Does Munch's ‘The Scream’ hail from Florence?Did you know that...
Does Munch's ‘The Scream’ hail from Florence?
Munch's 'The Scream' is probably one of the most famous and best-known paintings in the world. It was painted in 1893 and, as the artist himself wrote, was inspired by the feeling of anguish and fear caused by a sunset. I imagine you can all picture it in your mind: in the foreground there is a human figure with hands held to the face that screams, a scream that conveys amazement, fear and anguish. Sensations amplified also by the curved and distorted lines of the landscape that is all but unreal.
Art critics have always argued that to depict the anguished pose of the screaming man, Munch drew inspiration from a mummy housed in Paris’ 'Musée de l'homme'. Looking at it well, however, something isn’t looking right. In fact, the expression (as far as we can talk of expression with a mummy) is different and the hands brought to the face are not stretched but closed in a fist. In fact, this is not the mummy that inspired Edward Munch!
The one the painter had in mind for the expression and posture is in fact to be found in the Museum of Paleontology and Anthropology of Florence. If you look at the picture on the side you will see that it is really the same! Well, I know the subject is not particularly appealing and slightly off-putting, but we couldn’t help but show it to you! Be brave and look at it: the position of the hands, stretched and held on the face, is identical, even the slight inclination of the head to the left is reflected in the painting by Munch! And what about the expression that conveys the same mixture of astonishment, fear and anguish? Are you wondering how it is possible? Easy: the Swedish painter often stayed in Fiesole and Florence and certainly had the opportunity to see that mummy which, evidently, stuck in his mind. If you have looked at the picture on the side without too much trouble, if mysteries and spooky things intrigue you, then we recommend our 'Florence Tour of fear': noir mystery stories and ghosts to discover a city which, we can aptly say, is a real scream!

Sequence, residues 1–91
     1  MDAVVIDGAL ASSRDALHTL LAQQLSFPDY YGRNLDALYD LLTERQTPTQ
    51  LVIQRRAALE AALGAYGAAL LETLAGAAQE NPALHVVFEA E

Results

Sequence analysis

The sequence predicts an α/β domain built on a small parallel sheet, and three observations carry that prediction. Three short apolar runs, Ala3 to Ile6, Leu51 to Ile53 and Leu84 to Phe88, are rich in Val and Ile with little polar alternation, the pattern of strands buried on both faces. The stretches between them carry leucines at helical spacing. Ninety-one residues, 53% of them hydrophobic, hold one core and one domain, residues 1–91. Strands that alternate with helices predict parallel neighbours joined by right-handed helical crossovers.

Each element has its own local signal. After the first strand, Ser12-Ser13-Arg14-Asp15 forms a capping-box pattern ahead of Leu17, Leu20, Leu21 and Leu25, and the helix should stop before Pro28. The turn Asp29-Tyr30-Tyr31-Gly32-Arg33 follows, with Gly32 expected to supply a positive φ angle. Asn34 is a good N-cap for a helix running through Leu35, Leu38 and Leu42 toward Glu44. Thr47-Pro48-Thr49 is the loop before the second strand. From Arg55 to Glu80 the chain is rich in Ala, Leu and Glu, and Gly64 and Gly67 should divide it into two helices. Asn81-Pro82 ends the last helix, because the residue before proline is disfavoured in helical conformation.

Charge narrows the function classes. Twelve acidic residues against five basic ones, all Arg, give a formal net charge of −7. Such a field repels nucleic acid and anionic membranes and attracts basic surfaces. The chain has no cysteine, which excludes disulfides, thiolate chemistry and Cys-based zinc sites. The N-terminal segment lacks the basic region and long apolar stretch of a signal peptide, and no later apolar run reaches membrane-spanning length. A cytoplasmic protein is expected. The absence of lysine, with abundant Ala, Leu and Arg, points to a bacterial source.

Florence: Where does the expression ‘uscio e bottega’ come from?
Figures of speech
We Tuscans love to emphasize that our region, but above all Florence, is the cradle of the Italian language. Moreover, we also have pro...View
Arezzo: Guido d'Arezzo and the invention of the music
In Talla and surroundings people have no doubt: the inventor of the musical stave, the inventor of the music notes and also of the mode...View
Pisa: Kinzika, the young woman who saved Pisa from the Saracens
It was really her, a young woman with an Arabian name, Kinzica, of the noble Sismondi family, to save Pisa from being sacked by Saracen...View